The ACCCE spent $38 million in 2008 promoting clean coal and engaged public relations consultants, The Hawthorn Group, to run a grassroots campaign for that purpose. A Hawthorn newsletter stated:
Our challenge was to get the candidates, media, and opinion "influencers" to start talking about the importance of American coal to our energy future and the need to fund clean coal technology. Even in a communication-saturated environment we achieved, even exceeded, our wildest expectations (and we believe those of our client!)
The newsletter claimed that the campaign resulted in presidential candidates supporting clean coal technology and increased the percentage of people supporting coal-fired power stations from 46 percent in September 2007 to 72 percent in September 2008 with opposition dropping from 50 percent to 22 percent.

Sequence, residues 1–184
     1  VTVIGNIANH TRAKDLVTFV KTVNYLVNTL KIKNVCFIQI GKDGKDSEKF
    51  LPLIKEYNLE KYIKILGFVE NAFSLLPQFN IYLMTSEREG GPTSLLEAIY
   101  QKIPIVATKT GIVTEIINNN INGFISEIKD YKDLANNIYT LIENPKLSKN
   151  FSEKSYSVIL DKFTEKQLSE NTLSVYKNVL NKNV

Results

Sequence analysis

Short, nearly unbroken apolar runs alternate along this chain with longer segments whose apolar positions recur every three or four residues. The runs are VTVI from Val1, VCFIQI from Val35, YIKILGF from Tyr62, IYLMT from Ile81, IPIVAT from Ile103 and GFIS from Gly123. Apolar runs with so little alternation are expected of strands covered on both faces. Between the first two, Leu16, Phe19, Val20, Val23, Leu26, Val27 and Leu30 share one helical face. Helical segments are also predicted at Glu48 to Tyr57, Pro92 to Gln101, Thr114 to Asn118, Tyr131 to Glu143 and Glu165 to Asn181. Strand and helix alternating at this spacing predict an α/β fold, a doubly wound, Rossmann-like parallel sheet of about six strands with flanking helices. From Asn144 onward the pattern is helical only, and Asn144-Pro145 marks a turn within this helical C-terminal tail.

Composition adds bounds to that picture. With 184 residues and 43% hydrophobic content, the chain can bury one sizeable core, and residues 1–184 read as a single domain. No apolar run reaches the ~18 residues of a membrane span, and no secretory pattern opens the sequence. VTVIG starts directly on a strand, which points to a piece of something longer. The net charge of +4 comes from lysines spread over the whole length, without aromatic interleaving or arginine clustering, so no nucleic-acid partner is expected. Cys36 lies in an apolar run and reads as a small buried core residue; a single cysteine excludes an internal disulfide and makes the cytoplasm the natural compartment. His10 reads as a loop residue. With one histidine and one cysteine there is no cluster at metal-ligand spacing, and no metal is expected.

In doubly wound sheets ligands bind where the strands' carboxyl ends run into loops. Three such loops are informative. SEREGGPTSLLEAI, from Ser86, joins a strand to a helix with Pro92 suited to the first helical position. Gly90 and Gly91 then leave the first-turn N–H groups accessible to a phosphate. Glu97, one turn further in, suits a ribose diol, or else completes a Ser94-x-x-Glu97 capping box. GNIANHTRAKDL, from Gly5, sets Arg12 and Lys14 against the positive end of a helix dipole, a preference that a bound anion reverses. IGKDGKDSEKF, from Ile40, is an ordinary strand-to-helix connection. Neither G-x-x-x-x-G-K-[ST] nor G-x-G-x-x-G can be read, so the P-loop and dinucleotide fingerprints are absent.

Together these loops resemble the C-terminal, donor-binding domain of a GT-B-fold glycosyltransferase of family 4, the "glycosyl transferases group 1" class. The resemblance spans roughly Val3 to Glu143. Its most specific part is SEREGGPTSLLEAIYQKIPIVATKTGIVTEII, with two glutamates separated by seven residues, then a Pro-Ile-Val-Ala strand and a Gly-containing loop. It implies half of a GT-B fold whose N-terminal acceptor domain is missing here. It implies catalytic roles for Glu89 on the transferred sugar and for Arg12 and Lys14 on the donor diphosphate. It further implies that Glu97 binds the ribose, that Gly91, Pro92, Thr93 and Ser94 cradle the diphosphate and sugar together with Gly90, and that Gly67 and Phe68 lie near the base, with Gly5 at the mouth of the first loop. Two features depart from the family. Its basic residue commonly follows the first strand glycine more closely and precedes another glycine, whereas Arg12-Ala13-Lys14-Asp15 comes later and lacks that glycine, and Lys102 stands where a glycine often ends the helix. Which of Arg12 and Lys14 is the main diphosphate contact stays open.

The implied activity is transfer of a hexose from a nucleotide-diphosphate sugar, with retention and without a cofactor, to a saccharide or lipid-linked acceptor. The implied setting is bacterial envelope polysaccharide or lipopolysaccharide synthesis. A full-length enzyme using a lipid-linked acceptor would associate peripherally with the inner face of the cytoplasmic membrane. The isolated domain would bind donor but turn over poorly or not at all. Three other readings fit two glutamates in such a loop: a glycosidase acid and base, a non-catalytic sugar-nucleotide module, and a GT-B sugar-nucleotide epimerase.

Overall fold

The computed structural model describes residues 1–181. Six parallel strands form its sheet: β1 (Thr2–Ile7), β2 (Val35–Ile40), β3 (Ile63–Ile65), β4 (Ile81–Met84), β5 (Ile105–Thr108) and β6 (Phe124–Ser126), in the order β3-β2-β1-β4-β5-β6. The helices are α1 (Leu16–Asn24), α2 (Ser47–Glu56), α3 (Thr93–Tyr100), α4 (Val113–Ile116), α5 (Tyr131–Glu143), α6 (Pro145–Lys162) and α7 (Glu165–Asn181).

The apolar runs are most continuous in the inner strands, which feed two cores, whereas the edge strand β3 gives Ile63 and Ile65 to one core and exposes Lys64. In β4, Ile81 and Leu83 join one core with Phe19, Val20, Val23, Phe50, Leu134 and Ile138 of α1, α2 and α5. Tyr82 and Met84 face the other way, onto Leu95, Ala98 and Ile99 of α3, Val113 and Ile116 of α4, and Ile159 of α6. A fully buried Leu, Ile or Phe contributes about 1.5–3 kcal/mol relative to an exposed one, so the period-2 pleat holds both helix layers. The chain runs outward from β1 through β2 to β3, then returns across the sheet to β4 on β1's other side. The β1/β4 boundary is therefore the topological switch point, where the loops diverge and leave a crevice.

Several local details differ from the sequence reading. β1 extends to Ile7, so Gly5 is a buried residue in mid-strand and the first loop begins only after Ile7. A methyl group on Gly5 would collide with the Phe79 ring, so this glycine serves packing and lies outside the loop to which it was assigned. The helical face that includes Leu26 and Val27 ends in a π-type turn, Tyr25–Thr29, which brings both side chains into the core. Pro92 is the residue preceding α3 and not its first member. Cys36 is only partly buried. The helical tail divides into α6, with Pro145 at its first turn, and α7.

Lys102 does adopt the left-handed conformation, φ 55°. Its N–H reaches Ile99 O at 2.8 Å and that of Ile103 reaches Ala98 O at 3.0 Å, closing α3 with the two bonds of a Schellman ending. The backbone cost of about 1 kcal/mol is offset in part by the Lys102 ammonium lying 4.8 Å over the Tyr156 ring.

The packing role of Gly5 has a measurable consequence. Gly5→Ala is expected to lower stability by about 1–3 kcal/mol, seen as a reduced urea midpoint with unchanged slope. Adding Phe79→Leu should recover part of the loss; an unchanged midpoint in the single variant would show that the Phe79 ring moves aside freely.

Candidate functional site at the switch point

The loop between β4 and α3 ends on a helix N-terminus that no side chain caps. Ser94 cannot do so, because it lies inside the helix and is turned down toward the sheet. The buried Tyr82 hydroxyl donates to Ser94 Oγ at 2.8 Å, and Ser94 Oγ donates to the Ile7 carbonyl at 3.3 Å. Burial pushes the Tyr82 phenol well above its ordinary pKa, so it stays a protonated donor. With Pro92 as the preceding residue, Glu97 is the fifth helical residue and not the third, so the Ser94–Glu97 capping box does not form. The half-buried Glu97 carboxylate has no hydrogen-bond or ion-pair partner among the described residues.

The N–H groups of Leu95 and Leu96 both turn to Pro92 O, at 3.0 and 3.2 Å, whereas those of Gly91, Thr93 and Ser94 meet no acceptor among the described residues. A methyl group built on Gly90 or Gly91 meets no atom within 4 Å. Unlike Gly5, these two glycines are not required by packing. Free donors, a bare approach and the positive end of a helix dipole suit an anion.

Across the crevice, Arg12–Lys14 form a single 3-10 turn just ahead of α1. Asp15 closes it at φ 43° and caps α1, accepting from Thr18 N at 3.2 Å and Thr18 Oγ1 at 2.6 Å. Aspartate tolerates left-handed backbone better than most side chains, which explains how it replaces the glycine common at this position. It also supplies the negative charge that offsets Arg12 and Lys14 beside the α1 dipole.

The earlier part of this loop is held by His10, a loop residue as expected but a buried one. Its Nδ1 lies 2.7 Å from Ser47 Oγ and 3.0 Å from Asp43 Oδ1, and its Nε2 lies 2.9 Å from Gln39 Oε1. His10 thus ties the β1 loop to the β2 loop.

Building on our existing 200,000-strong grassroots citizen army, we leveraged the presidential candidates' own supporters, finding advocates for clean coal among the crowd to carry our message. We got these on-the-spot advocates to show strong public support to the candidates and to the media, and enhanced that visibility by integrating online media that created even more of a buzz. We did this by sending "clean coal" branded teams to hundreds of presidential candidate events, carrying a positive message (we can be part of the solution to climate change) which was reinforced by giving away free t-shirts and hats emblazoned with our branding: Clean Coal.
As part of its PR efforts, the Hawthorn group hired Bonner & Associates to identify minority and senior citizen groups who would write to their local representatives opposing global warming legislation. Bonner & Associates were subsequently caught sending fake letters to members of Congress. (see Bonner & Associates - Climate Change Legislation)